Giant Waterproof Backpack


It is obscenely huge. It fastens shut and watertight with a roll-top closure. A backpack harness system lets you strap it on and hike, ferrying immense loads through airports and down backwoods portage trails alike.

The SealLine Pro Packs are essentially giant vinyl duffel bags. They open wide to reveal a capacious hold that can swallow about 7,000 cubic inches worth of gear.

SealLine-ProPacks photo.jpg

SealLine Pro Packs

I have used a SealLine Pro Pack on a half-dozen trips this year, including for international travel as well as on a raft excursion where the pack was tied to the deck. At $169.95, the handy and bombproof bag — mine’s been dubbed “Big Yellow” — has proven its worth a few times over.

The Pro Pack is 100 percent waterproof for terrestrial use. Rain, sleet, snow, or dripping cargo holds are no match for the thick vinyl fabric and roll-down top.

If you plan to use it whitewater rafting, Pro Pack manufacturer Cascade Designs ( says it will withstand quick submersions and will float if dropped in the water.

The pack has a reinforced vinyl bathtub-style bottom and tough vinyl sides. Webbing straps cinch to tighten down the top. Durable buckles snap it shut.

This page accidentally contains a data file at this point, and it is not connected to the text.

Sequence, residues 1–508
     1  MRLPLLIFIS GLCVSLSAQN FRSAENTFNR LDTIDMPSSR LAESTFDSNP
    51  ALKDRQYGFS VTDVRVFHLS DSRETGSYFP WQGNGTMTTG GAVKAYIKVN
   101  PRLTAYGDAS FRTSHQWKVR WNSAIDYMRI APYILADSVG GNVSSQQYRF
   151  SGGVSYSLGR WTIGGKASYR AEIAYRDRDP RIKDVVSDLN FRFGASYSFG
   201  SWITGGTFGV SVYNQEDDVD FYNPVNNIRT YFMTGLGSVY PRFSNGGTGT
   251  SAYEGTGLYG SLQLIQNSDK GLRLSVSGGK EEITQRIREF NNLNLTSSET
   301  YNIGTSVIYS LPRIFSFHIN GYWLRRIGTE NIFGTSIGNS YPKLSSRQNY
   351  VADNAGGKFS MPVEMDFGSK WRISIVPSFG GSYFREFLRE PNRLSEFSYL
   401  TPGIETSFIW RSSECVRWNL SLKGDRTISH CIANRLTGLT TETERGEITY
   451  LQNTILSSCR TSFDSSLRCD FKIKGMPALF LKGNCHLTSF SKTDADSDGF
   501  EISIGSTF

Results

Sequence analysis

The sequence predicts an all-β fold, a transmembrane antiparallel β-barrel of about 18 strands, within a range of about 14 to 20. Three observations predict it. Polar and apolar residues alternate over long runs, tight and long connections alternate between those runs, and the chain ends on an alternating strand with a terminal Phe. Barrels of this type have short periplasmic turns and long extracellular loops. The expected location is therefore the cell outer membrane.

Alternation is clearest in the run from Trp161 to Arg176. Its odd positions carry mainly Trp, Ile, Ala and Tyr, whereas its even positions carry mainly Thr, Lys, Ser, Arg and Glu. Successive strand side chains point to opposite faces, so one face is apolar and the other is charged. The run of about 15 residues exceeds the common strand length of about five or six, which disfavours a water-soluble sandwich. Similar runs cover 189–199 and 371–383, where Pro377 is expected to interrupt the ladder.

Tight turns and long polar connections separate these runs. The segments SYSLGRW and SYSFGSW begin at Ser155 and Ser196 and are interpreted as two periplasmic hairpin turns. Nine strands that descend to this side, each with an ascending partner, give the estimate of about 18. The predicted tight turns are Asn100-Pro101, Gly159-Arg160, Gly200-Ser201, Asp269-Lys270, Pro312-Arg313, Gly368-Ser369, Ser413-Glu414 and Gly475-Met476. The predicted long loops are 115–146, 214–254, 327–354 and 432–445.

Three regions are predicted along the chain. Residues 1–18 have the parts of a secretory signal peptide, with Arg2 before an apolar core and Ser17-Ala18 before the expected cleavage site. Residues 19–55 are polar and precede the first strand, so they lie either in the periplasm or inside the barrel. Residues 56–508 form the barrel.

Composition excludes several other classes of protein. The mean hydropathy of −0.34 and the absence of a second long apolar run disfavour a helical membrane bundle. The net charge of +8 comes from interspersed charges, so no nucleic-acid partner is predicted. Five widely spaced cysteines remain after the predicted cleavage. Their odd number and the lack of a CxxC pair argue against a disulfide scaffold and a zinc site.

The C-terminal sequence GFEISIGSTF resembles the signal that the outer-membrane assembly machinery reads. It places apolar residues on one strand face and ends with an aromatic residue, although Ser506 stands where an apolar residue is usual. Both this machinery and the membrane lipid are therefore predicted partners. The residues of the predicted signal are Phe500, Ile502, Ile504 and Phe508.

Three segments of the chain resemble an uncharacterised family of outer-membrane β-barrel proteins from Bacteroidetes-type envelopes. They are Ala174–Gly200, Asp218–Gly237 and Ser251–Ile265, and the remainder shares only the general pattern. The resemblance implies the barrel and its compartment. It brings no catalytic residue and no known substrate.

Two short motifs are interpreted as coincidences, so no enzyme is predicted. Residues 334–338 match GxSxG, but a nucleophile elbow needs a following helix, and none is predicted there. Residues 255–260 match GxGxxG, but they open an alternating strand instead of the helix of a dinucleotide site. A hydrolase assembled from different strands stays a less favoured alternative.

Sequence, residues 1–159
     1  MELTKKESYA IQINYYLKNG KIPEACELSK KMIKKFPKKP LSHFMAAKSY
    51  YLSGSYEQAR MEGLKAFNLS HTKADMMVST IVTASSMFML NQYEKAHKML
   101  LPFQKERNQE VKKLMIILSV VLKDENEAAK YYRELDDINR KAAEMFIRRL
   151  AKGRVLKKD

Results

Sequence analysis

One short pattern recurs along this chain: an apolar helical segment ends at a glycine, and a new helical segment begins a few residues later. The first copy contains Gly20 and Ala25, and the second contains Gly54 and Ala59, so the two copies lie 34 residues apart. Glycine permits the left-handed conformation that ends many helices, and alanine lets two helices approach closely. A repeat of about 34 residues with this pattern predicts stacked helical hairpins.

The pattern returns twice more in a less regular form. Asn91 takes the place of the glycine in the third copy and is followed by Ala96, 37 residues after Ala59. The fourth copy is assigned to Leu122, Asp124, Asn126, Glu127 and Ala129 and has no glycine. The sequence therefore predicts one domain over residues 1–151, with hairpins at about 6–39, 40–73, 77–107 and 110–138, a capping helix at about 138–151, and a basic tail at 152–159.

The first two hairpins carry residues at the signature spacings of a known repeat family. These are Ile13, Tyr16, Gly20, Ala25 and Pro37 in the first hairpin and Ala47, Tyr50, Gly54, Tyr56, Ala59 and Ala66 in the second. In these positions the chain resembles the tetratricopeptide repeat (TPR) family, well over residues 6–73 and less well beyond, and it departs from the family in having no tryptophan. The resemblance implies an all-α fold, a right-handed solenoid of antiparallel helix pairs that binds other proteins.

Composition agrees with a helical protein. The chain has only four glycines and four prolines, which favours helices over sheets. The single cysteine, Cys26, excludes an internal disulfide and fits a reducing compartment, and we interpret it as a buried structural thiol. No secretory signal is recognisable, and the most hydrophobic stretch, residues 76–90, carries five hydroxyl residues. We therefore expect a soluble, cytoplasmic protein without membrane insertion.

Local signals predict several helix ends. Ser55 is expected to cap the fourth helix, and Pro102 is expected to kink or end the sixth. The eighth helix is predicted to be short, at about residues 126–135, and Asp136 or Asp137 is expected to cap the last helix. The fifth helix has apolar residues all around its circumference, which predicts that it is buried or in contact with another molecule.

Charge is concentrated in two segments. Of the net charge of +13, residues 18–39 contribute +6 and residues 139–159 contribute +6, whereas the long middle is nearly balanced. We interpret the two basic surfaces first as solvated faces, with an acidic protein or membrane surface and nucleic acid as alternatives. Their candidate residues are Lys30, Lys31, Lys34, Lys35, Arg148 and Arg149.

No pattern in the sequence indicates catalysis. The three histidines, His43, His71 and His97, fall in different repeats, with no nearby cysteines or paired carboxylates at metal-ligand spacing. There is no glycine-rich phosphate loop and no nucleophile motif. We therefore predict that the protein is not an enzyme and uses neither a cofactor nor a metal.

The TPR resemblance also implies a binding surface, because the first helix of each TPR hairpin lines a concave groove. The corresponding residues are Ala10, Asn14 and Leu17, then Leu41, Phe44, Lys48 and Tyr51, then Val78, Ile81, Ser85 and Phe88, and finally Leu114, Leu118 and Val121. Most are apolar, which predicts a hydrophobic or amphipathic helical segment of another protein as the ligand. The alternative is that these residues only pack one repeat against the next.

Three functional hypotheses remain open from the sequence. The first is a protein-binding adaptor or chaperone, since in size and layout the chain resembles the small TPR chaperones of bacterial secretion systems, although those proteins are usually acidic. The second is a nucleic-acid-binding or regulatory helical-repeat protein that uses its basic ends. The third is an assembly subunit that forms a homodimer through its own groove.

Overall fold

The pack’s adjustable suspension system is supportive for big loads. There’s a padded hip belt and a grab handle to lift the sack off the ground. For snag-free transport, the backpack harness and belts can be removed.

I loaded the Pro Pack with 50 pounds or more on numerous occasions. The pack straps and belt are adequate for huge loads, though the rigid panel under your back can bow out from the pack body with extreme weight.

The pack comes in four colors and weighs about six pounds when empty. It stands about 30 inches tall. As a bonus, the pack is made in the USA in a Seattle factory.

Overall, “Big Yellow” has been a solid product after much abuse this year. It totes huge loads. It keeps my gear dry. It does exactly what it was designed to do.

—Stephen Regenold is founder and editor of

Posted by Greg Seitz - 07/30/2010 10:01 AM

We generally use one big Sealine pack for Boundary Waters canoe trips. They’re great for packing sleeping bags and other stuff in that it feels really good knowing will be dry no matter what when we set up camp in the evening. They are a hassle to get into and out of during the day, for say a water bottle or other types of regularly used gear… a Duluth Pack is nice for being able to easily shove stuff under the flap of when arriving at a portage. But I sure do like that peace-of-mind of a dry sleeping bag at the end of the day.

Posted by Maurice TAY - 02/18/2011 08:39 PM

Dear Sir,

Can a computer metal casing measuring 29” x 27” x 12.5” fit inside this Giant Waterproof Backpack ? Thanks


Posted by AV - 04/14/2013 01:33 AM


I am planning a 2-week hiking trip that will involve a lot of scrambling and want to buy this bag. Would you recommend it for this purpose? Sales staff in outdoor gear shops tell me that it will be a nightmare to carry this over long distances. What do you think? Is hipbelt good enough for long trips?

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